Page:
As they have been promising for months now, the Yellow Pages Association (YPA) and the Association of Directory Publishers (ADP) today launched an upgraded website at www.yellowpagesoptout.com that allows consumers nationwide to easily manage the delivery of their phone directories (Official press release). Consumers can now go to a single location to select which phone directories they receive, or to stop directory delivery altogether.
I ran a search for the area where we use to live in North Carolina and the system smartly displayed all of the books we use to get in the area:
When the original site was launched in 2009, the site only provided information on individual publishers that consumers needed to contact individually. The upgraded and redesigned interface increases consumer convenience and reduces confusion about the options available to manage phone book delivery by eliminating the need to contact multiple publishers.
In the press release Neg Norton, president of YPA notes that “…our industry is taking a giant leap forward today by launching a clearinghouse site for consumers to control the delivery of directories. The site, supported by directory publishers across the country, illustrates our ongoing commitment to not delivering a directory to someone who doesn’t want one.”
Larry Angove, president and CEO, Association of Directory Publishers added that “…we continue to believe, and research supports, that directories remain an important tool for consumers searching for local information. That said, we believe it is equally important to provide a simple solution for consumers who only want a certain directory or feel they can do without a directory.”
Those who have been fighting the distribution of these directories have ignored publishers ongoing position that if someone didn’t want a phonebook, they shouldn’t have to get one. The associations should be congratulated on this unique collaboration effort among large and small publishers across the country that shows a commitment to our promise to reducing unwanted directories. 158 publishers are currently in the site database.
“Consumers continue turning to print Yellow Pages, both to help find local businesses, driving valuable new leads for our advertisers, and also to quickly access community and government information,” said Norton. “We believe print remains a central component of our industry’s growing portfolio, which today includes digital and mobile platforms. We’re constantly working to transform and innovate so that we can continue supporting local businesses and consumers in the most environmentally friendly way.”
Growing call tracking levels support industry research showing that over 75% of U.S. adults use print Yellow Pages to find local businesses each and every year. Hence, advertisers are still realizing a return on the investment for local directory advertising of at least $14 for every $1 spent.
Without a doubt this updated effort improves the opt-out process drastically. But ultimately some critics will still not be happy. For example, look at this lead paragraph from the San Francisco Examiner:
In a tech-savvy and environmentally aware region like the Bay Area, which is home to online directories such as Yelp and Google Local, the arrival of a new Yellow Pages book can seem like a blast from the past.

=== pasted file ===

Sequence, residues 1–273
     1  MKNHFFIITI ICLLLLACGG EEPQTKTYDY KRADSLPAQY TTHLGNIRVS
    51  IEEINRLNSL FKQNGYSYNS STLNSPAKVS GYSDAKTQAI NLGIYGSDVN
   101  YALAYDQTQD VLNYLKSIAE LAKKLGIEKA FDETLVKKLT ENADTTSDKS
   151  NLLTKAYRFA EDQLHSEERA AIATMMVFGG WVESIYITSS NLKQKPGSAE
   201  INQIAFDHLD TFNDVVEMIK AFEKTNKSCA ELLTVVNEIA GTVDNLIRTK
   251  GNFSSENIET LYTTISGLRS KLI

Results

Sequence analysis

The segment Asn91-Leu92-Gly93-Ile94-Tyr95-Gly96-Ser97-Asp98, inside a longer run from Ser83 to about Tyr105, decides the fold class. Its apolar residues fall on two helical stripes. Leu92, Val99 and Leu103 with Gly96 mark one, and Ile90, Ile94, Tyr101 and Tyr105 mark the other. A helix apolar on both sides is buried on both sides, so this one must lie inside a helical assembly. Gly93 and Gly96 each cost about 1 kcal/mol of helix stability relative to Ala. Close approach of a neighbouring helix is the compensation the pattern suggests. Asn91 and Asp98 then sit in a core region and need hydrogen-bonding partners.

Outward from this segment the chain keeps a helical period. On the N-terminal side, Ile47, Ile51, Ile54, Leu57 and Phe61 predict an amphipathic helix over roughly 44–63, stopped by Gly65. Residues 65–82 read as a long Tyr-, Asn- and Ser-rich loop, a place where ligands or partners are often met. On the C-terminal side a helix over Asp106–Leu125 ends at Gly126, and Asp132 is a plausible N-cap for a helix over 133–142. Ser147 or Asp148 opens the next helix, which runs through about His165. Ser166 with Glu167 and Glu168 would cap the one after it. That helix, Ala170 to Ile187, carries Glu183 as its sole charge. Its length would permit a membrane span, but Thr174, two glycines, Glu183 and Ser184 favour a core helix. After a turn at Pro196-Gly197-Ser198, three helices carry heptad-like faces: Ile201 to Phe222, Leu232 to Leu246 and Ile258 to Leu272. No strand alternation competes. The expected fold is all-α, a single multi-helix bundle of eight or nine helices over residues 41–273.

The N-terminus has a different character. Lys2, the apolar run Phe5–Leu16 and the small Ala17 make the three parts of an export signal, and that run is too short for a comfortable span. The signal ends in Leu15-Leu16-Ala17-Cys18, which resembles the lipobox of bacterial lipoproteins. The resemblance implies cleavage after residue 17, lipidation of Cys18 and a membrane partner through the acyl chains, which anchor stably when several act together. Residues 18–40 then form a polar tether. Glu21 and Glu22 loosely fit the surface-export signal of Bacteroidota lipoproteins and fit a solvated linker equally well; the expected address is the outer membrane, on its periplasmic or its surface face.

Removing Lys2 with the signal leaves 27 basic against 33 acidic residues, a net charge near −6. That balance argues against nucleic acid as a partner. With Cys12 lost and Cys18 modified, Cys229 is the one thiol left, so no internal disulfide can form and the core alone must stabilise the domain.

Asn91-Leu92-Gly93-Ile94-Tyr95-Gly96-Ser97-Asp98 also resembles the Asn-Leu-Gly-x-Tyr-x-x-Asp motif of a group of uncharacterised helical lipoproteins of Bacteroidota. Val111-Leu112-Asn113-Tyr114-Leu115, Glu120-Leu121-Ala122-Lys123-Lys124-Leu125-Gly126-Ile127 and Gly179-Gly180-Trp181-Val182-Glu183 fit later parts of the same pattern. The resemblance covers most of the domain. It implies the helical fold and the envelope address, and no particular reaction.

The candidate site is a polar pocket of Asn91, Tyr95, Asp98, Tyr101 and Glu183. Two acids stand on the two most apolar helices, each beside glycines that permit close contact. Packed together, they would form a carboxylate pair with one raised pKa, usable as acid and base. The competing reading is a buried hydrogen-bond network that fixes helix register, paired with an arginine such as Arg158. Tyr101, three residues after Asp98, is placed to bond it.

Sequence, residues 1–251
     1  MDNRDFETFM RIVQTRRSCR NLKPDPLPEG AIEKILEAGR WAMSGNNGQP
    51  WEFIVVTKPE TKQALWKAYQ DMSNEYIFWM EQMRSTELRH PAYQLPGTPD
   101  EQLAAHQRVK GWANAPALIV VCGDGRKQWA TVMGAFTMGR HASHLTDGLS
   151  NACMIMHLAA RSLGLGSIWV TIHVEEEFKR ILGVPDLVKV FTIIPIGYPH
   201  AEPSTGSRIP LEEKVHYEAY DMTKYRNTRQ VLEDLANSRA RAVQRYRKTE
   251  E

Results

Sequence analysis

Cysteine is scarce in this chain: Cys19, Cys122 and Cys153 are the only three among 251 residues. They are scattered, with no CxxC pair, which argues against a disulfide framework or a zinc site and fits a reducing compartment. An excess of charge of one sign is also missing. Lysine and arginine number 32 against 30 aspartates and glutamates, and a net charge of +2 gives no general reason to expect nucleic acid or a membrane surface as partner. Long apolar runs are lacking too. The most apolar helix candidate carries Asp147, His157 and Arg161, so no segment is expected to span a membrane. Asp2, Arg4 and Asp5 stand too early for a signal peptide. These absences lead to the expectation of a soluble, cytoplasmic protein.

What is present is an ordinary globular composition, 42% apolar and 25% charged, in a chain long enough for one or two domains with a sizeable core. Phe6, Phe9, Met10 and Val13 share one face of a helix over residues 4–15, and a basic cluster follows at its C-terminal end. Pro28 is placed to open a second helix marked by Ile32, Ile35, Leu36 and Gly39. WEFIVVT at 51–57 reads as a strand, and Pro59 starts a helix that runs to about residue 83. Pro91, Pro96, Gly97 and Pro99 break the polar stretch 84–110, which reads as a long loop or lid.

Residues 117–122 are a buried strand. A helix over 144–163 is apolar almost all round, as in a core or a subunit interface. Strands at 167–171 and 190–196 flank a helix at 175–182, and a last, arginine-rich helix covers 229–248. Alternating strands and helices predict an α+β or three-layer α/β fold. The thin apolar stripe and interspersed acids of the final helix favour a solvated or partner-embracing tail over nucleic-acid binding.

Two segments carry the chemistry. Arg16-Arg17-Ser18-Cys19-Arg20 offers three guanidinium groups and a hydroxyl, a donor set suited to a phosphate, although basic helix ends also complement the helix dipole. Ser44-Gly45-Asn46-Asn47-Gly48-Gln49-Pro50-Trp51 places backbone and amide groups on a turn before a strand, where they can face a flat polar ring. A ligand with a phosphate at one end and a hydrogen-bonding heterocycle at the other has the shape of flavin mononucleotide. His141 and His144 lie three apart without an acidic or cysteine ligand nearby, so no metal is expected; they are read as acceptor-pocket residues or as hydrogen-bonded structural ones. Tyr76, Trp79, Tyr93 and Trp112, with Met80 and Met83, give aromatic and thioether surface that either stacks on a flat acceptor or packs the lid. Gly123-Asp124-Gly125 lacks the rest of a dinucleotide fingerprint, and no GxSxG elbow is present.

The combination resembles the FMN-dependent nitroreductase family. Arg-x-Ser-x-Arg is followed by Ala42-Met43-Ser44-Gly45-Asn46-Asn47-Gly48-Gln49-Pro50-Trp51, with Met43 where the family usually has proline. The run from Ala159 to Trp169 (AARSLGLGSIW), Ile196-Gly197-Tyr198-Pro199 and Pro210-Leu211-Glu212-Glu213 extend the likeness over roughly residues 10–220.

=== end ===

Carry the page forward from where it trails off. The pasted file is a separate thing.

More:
Didn’t realize that class warfare was now linked to the distribution of yellow page directories, but hey, we are talking about San Francisco. It’s just a shame the industry would have to lower any of its standards to appease such a small bunch of snobs. But the Examiner article did at least correctly contain this item:
And yet, for all of the griping by people who wish they could opt out of receiving a phone book, thousands of small businesses in San Francisco continue to depend on their Yellow Pages advertising, Amy Healy said. <YPA Staff>
“It’s not sexy,” she said. “But it works for them.”
Has, still is, and will continue to be the best advertising media for most small – midsized businesses. No one will disagree that consumers today find information in all sorts of ways and usually many check multiple sources when searching for information about products or services. But we also know that consumers are still turning to those print Yellow Pages, and will continue to for years to come.
And of course the city of Seattle still doesn’t get it. Despite facing a lawsuit from the industry, the Seattle City Council on Monday voted to stick with a 14-cent fee it plans to charge Yellow Pages distributors for every book that goes to Seattle residents. I guess the industry should be somewhat pleased that the city backed away from a $148 tonnage fee it approved in October to help pay the cost of recycling the advertising books. But despite today’s op-out site launch announcement, the Council still hasn’t dropped its October action to create a registry for people who want to opt out of receiving Yellow Pages-type phone books.
It will be interesting to see how many people actually ask to opt-out of their directory deliveries. After most publishers initiated their own opt-out programs, YPA started their initial site, and numerous paper atheists began blogging campaigns to get people to opt-out, publishers have reported a significant drop off in the numbers of people requesting opt-out over the past months to almost a trickle. Those publishers that have discussed opt-out levels have consistently indicated that less than 5% do.